This week’s episode was jam-packed full of interesting stuff. Everything from Elliot’s internal conflict and his fight with Mr. Robot, to the small but surprising gestures of concern and loyalty from Darlene, to Tyrell’s tantrum and Joanna’s (hilariously) cool response, to the ultimate reveal of Shayla’s death – all of it was so tightly executed and compelling that focusing on a single facet feels unfair to the rest. However, there is one storyline that slipped through the more suspenseful drama, seeming deceptively relaxed in comparison to the rest of the episode. Naturally, I’m referring to Angela’s pursuit of a lawyer to help her fight E Corp and get justice for her mother’s death. This character has arguably always been the most down-to-earth part of Mr. Robot, with her struggles generally being the most commonplace in the middle of a tense thriller. This low-key portrayal has led me to believe that Angela, more than anything else, is the show’s secret weapon.
Despite being separate from Mr. Robot’s A-plot most of the time, Angela is a key part of the series’ themes. She’s the voice of genuine good within the series, consistently caring about doing the right thing and being kind to others. When she lashes out, it’s at people who have abused that kindness too many times. Angela’s the dogged everygirl who wishes her life was less complicated, but, failing that, she’ll do whatever she can to repair the damage.
The troubling thing about all of this is that she exists in a narrative where human goodness matters little and is often outright punished. We’ve seen this in small ways, like when she told a man he’d dropped his wallet only to find out he had stolen it from someone else, and this episode took the concept to its logical extreme with Elliot fighting and fighting to rescue Shayla, only to realize he’d failed almost as soon as that conflict began. The key parallel with Angela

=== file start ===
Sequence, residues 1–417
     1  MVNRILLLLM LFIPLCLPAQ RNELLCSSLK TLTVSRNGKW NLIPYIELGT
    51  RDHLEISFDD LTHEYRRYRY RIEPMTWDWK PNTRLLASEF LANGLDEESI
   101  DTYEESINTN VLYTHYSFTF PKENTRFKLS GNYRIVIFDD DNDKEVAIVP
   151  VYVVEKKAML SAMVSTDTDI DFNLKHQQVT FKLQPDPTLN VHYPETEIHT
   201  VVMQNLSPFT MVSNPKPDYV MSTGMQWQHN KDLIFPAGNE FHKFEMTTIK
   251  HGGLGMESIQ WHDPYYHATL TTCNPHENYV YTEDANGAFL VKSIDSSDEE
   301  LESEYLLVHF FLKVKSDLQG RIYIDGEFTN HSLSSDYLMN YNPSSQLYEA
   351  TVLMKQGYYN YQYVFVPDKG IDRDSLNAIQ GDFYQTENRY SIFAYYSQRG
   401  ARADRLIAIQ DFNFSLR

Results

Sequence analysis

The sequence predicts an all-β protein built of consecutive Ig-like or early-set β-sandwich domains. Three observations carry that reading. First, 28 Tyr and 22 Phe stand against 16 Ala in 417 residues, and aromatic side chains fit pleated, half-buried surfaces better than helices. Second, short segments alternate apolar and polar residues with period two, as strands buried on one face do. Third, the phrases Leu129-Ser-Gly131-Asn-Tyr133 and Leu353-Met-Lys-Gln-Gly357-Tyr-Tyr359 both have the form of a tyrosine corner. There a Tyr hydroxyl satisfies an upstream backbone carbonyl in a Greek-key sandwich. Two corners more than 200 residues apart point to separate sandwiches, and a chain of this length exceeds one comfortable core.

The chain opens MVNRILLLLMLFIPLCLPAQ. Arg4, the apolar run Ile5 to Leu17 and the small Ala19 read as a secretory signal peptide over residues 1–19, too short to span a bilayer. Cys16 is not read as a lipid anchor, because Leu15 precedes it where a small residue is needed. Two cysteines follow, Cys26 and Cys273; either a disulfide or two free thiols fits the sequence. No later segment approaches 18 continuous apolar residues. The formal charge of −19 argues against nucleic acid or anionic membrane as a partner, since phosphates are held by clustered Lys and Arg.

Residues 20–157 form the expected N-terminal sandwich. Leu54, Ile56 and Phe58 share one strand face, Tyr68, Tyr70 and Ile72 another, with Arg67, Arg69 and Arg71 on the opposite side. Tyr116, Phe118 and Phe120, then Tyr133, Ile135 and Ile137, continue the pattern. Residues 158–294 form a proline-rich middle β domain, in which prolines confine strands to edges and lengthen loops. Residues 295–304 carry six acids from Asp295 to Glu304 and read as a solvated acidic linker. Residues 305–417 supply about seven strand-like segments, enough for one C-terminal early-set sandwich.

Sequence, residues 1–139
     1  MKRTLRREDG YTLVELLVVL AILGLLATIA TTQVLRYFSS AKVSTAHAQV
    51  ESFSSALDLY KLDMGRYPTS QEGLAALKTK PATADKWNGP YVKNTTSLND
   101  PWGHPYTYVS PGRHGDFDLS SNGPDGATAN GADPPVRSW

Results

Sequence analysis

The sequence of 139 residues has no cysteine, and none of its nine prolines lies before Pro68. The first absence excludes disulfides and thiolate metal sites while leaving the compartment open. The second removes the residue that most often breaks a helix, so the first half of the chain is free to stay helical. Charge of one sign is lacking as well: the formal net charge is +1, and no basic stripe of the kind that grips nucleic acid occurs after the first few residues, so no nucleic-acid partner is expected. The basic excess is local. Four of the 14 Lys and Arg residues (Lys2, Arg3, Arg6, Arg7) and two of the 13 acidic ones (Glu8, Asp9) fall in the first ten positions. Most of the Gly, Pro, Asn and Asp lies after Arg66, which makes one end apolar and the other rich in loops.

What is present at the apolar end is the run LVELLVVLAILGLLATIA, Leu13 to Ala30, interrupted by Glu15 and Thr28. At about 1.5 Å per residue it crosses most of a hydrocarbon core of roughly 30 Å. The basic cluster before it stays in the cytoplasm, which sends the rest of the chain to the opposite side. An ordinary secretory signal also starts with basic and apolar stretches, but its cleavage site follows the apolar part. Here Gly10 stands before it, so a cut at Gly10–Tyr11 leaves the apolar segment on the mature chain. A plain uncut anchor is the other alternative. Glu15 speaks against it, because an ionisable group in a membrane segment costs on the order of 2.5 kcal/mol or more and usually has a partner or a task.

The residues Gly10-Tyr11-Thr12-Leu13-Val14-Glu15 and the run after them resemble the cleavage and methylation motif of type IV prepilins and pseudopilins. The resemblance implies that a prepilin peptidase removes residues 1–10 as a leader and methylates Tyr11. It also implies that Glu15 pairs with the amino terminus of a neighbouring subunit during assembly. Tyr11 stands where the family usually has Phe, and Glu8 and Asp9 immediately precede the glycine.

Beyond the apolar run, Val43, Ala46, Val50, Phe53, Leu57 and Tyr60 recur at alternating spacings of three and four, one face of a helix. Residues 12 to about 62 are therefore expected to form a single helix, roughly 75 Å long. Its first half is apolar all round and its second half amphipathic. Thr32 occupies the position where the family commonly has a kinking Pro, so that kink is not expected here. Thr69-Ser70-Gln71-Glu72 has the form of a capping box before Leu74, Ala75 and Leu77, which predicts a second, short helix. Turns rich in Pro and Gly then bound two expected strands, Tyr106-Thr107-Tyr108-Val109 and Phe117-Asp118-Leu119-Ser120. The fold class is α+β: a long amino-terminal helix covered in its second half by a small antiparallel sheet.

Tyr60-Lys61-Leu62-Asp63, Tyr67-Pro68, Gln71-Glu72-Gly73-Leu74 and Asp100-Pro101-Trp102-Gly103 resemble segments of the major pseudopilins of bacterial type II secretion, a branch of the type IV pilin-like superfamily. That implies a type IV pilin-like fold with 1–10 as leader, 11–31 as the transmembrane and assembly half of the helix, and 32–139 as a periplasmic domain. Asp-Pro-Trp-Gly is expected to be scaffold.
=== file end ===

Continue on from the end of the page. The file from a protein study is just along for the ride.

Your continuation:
and Elliot’s radically different situations is that their genuine intentions are not only easily ripped apart by external circumstances, but also indirectly contribute to that defeat. Angela unknowingly contributed to robbery; Elliot tried to rescue Shayla by getting Vera arrested and the consequences cost her dearly. I intend to blame either character for these events (Vera and the thief are the responsible ones here), but I do find it interesting from a storytelling standpoint that they are both put in the position of being victimized through their attempts to help.
At this point, I see a few different ways Angela can go in the season’s remaining four episodes while life undoubtedly continues to hurl curveballs of increasing weight at her. She can break under the pressure, as Elliot seems to be on the verge of doing, or she can refuse to lose her way. Since the show is already thoroughly covering what it means to be in the pits of despair, desperation, and shame, I think that Angela’s storyline will be an opportunity for the writing to go in a different direction with her role – I’m betting on her becoming a surprisingly adaptable and resilient player on this chess board. As Elliot and Tyrell’s failed calculations put an emotional and psychological strain on their characters, Angela will (hopefully) grow in another direction.